Sustainability advocate recognised with annual Chancellor Robert Hope Memorial Prize
A passion for tackling climate change through innovative engineering solutions and education as well as outstanding academic achievement has been recognised with the awarding of the 2014 Chancellor Robert Hope Memorial Prize to graduate Lloyd Niccol.
Lloyd Niccol at the The Illawarra Flame House in Wollongong
Chancellor Robert Hope Memorial Prize is awarded each year to a student graduating with a Bachelor degree who has demonstrated exceptional academic performance, outstanding leadership and is making a significant contribution to the University and the wider community.
It is UOW’s preeminent student prize and named in celebration of former Chancellor the late Justice Robert Hope. In addition to the medal, Lloyd will has nominated the The Australian Conservation Society and The Centre for Sustainability Leadership to receive the financial donation from UOW as part of the prize.
Lloyd, from Emu Plains in Sydney’s west, came to UOW after attending Penrith Selective High School, to study a Bachelor of Engineering (Mechanical) as a BlueScope cadet. He graduated this year, achieving an overall WAM of 88 in his Bachelor of Engineering Honours – Bachelor of Commerce degree.
“I’m honoured to receive the award,” Lloyd said. “I hope this inspires other students and shows you can do incredible things at university and there are opportunities out there to do good things in the world.”
In January 2012 he became part of Team UOW, a student-led collaboration between UOW and TAFE Illawarra students and staff that demonstrated how to transform a typical 1960s fibro house into an international, award-winning model of sustainability. The Illawarra Flame house was entered into and won the Solar Decathlon China 2013.
During the two-year project Lloyd committed enormous amounts of time and skill to contribute to success of the project, and Team UOW continue to hold the record for the highest number of points ever scored in any Solar Decathlon competition anywhere in the world.
Lloyd’s role as project manager required him to manage a budget in excess of $2 million, as well as coordinate more than 50 students and staff in areas including design, construction, logistics, marketing and sponsorship.
“The experience was an invaluable part of shaping my career and education,” Lloyd said. “Much of what we learnt during our degree was applied to the project but you simply can’t get the sort of hands-on experience on the scale that we did with the Illawarra Flame project.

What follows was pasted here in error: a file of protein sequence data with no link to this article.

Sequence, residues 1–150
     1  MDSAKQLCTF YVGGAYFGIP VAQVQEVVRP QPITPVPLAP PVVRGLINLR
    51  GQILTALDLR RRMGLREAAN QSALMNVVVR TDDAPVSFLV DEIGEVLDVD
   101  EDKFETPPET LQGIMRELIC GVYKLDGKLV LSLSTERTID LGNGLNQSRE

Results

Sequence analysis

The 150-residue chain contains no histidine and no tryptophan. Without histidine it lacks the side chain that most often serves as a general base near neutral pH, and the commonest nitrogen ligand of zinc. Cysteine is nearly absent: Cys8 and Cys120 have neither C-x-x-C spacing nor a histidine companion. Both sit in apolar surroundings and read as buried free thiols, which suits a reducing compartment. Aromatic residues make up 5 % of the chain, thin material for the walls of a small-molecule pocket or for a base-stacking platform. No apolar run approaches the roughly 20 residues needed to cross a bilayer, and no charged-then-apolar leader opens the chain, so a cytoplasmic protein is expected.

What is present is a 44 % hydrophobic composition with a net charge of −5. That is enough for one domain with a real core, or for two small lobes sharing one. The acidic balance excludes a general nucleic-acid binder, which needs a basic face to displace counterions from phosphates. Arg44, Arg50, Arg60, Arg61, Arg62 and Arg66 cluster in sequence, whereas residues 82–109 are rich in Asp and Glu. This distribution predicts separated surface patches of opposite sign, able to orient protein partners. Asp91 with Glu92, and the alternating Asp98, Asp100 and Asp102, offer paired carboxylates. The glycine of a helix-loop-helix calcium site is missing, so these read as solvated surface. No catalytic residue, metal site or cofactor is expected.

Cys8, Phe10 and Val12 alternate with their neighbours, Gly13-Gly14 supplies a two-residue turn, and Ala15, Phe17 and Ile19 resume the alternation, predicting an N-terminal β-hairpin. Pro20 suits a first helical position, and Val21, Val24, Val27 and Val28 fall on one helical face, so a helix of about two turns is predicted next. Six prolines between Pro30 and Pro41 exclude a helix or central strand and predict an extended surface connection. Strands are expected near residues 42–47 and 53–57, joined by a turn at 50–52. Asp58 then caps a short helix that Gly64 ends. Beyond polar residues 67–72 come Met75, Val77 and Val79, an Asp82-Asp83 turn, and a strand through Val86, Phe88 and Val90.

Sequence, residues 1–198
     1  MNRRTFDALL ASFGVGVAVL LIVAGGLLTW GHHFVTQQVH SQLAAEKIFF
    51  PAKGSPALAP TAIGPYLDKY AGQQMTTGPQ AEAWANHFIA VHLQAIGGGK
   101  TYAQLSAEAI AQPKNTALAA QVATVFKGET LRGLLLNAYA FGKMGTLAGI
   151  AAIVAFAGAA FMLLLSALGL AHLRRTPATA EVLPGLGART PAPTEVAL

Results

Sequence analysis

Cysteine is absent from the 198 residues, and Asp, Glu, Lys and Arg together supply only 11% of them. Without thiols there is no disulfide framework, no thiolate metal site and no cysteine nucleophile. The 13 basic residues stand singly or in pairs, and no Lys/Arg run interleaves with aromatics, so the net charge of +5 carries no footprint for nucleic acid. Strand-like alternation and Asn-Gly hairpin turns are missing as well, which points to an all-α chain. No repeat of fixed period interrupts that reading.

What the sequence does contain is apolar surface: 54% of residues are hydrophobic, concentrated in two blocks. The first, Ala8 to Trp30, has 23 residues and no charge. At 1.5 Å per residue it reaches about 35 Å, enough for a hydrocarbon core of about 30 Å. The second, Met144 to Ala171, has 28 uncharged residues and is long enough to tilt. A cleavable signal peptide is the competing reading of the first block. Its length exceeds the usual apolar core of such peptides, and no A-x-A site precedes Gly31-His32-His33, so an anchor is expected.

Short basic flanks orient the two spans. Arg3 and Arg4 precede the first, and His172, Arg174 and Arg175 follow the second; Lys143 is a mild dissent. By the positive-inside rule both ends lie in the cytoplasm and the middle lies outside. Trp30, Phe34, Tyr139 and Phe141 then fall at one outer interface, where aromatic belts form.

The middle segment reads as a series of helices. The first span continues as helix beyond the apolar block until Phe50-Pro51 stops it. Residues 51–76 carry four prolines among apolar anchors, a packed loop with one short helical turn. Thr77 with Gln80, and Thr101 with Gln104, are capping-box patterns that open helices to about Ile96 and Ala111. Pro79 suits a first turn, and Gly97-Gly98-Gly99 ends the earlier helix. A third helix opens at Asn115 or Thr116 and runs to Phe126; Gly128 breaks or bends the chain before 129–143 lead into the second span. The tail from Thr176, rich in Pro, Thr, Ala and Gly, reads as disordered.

“I have a passion for sustainability in general and being part of that project has helped me where I am now as part of BlueScope’s breakthrough product innovation team developing sustainable building products and solutions.”
Chancellor Ms Jillian Broadbent AO, who is also Chair of the Clean Energy Finance Corporation, said: “We are very proud of both Lloyd’s individual achievements and his leadership roles, including as project manager of the winning UOW team at the Solar Decathlon competition.”
“It’s outstanding young leaders like Lloyd who will help develop new technologies and industries generating job opportunities while ensuring a lower carbon economy for Australia.”
Lloyd Niccol, pictured with Chancellor Ms Jillian Broadbent, AO, at his December 2014 graduation ceremony.
In addition to the Illawarra Flame project, Lloyd has played a major role in the success of the Sustainable Buildings Research Centre (SBRC) and BluesScope’s project to harvest electrical and thermal energy from the sun.
For his final year engineering honours project, he designed, developed and commissioned a rooftop test facility that is the centrepiece of the research facilities at SBRC.
Lloyd has been a proactive advocate for climate change action and has spoken of the need to retrofit Australia’s existing housing stock in order to decrease the nation’s environmental footprint at the TEDx UOW Liveability Conference.
He is also a member of the Climate Reality Leadership Corps, an organisation founded and chaired by former US Vice-President Al Gore, and is an active proponent of climate change action in the local community.
“A big part of my motivation is social and environmental equity,” Lloyd said. “The effects of climate change will impact the most vulnerable members of society and to have an equitable world we need a sustainable environment.
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